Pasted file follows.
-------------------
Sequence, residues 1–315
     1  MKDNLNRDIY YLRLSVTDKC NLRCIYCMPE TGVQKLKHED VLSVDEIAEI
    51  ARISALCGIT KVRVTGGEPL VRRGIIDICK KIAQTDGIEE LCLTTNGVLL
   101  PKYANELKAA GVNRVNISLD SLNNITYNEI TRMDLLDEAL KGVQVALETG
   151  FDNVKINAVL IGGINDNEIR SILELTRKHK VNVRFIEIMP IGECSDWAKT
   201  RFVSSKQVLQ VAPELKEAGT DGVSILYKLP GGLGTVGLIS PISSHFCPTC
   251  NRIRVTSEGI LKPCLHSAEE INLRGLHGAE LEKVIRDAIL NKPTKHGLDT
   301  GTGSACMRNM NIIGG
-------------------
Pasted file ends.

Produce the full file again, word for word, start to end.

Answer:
Sequence, residues 1–315
     1  MKDNLNRDIY YLRLSVTDKC NLRCIYCMPE TGVQKLKHED VLSVDEIAEI
    51  ARISALCGIT KVRVTGGEPL VRRGIIDICK KIAQTDGIEE LCLTTNGVLL
   101  PKYANELKAA GVNRVNISLD SLNNITYNEI TRMDLLDEAL KGVQVALETG
   151  FDNVKINAVL IGGINDNEIR SILELTRKHK VNVRFIEIMP IGECSDWAKT
   201  RFVSSKQVLQ VAPELKEAGT DGVSILYKLP GGLGTVGLIS PISSHFCPTC
   251  NRIRVTSEGI LKPCLHSAEE INLRGLHGAE LEKVIRDAIL NKPTKHGLDT
   301  GTGSACMRNM NIIGG